Editor's Note: Craig and Neil Dougherty take hundereds of thousands of trail camera photos on their properties in upstate New York each year. All fall they will be submitting their most recent photos, as well as photos from their contacts across the country, to Outdoor Life to help predict deer activity. What a difference the weather makes. During the early part of this past week, temperatures remained cold. Cold temperatures force deer to burn calories and increase the rate of feeding during daylight hours. When the temperatures were cold, we picked up plenty of feeding behavior on our cameras during daylight hours.
The bulk of the biological breeding has passed for many of the bucks in the northern part of the country. Now that breeding is all but wrapped up, many bucks start to reform alliances and join back up in buck groups. We photographed many young bucks last week hanging together. As the weather continues to worsen, buck groups will often increase in size. For right now, it seems that younger bucks are the ones grouping, we have yet to photograph mature bucks hanging with younger bucks.
Young bucks are on their feet. This past week was the first week of the season that no two-year-old bucks or older deer were photographed. The combined effect of a couple weeks of rifle season with the end of the bulk of the breeding has most of the better bucks laying low trying to recover. We rely heavily on cameras to tell us what our deer are doing but over the next couple weeks cameras are only going to tell part of the story. Good deer still might be showing up on food pots but it might take a day or two of feeding for them to walk by the camera. They just aren’t covering much ground right now. If you want pics of good deer, you better stake out trails and move cameras often. Keep in mind that if you bump a good deer now, and you might not see him again for the rest of the season.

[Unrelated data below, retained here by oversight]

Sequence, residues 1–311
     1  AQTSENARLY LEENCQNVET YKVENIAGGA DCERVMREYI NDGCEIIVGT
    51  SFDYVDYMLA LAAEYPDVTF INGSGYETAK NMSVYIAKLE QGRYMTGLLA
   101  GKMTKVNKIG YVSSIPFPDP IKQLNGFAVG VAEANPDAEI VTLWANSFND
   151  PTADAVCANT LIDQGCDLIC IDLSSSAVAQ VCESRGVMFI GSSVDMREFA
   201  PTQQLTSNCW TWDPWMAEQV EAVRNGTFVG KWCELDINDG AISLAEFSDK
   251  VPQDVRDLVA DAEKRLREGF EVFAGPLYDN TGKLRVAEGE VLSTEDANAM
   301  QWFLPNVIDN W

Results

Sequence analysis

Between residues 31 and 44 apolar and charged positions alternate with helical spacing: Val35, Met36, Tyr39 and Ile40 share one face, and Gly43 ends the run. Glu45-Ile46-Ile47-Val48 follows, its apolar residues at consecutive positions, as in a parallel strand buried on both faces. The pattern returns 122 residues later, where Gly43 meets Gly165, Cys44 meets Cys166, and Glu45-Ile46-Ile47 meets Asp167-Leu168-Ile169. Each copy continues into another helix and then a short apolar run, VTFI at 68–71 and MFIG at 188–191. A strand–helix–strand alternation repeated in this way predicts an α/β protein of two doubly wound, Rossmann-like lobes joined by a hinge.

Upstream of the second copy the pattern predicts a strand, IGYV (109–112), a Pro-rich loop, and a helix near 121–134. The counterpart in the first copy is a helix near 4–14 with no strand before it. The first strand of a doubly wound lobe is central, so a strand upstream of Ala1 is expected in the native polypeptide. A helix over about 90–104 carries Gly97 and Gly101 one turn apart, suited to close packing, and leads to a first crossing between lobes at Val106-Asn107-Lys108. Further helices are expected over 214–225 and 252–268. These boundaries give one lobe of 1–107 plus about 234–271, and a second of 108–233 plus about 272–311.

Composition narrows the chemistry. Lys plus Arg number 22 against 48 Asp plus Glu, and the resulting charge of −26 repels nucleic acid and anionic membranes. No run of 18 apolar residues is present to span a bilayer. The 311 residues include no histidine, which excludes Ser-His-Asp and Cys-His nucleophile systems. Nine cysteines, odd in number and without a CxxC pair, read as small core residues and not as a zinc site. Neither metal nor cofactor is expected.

Warm temperatures plagued deer hunters last week. Fifty-degree days are awful tough on deer with full winter coats. This fawn has bulked up its coat for the winter, any temperatures above the seasonal norm will typically reduce the amount of deer on their feet during daylight hours. Feeding during the cooler nights suited deer just fine last week.
Two food sources were drawing the most attention last week. This fawn is feeding in a soybean stubble field that was seeded with a rye grain prior to fall. The green combined with bean pods is a perfect combination for late-season deer. The other food that is attracting lots of attention right now is corn. Standing corn fields will dominate deer behavior as the temperatures drop. If you’re trying to find deer now look for standing corn, they won’t be far away.
Fall is a high mortality season for deer. Any number of things can result in a whitetail slipping away into a thicket never to be seen again. Last week while checking cameras, Neil came across a dead yearling doe that was very close to one of his camera sites. The nighttime cleanup crew had been at work on the fresh doe as half of the carcass had been eaten by the time of the discovery. Neil relocated his camera to take in the action, and within six hours, the feeding frenzy was on. This bear was the first to show up under the veil of darkness. Unfortunately, the bear dragged his meal away to more secure dining but the camera recorded on as dozens of foxes and coyotes visited the site. The camera averaged about ten visits from coyotes nightly for a week after the carcass was first discovered. The bear continued to come back all week despite the fact that only hair remained at the kill site. More than a week passed by before the fist deer was picked up by the camera. Who could blame them with all the toothy critters running about. Take note: remove any signs of a kill from the area surrounding your favorite deer stand. Field dress deer far and away from hunting areas to limit the amount of predators attracted to the area.

Check out these trail camera photos from last week and plan your hunt for this weekend accordingly.